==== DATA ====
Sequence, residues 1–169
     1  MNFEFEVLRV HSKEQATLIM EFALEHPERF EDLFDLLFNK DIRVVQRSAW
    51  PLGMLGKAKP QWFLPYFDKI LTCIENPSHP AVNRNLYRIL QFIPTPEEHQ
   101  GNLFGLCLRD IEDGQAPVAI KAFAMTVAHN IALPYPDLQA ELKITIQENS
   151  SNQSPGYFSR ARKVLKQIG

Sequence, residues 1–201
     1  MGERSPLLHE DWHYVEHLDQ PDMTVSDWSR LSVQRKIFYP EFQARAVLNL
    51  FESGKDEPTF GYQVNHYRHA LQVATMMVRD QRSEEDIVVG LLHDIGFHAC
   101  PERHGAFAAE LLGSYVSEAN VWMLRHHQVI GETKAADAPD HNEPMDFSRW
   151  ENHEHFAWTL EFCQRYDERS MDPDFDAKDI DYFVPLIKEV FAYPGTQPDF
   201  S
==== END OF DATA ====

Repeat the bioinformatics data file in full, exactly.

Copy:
Sequence, residues 1–169
     1  MNFEFEVLRV HSKEQATLIM EFALEHPERF EDLFDLLFNK DIRVVQRSAW
    51  PLGMLGKAKP QWFLPYFDKI LTCIENPSHP AVNRNLYRIL QFIPTPEEHQ
   101  GNLFGLCLRD IEDGQAPVAI KAFAMTVAHN IALPYPDLQA ELKITIQENS
   151  SNQSPGYFSR ARKVLKQIG

Sequence, residues 1–201
     1  MGERSPLLHE DWHYVEHLDQ PDMTVSDWSR LSVQRKIFYP EFQARAVLNL
    51  FESGKDEPTF GYQVNHYRHA LQVATMMVRD QRSEEDIVVG LLHDIGFHAC
   101  PERHGAFAAE LLGSYVSEAN VWMLRHHQVI GETKAADAPD HNEPMDFSRW
   151  ENHEHFAWTL EFCQRYDERS MDPDFDAKDI DYFVPLIKEV FAYPGTQPDF
   201  S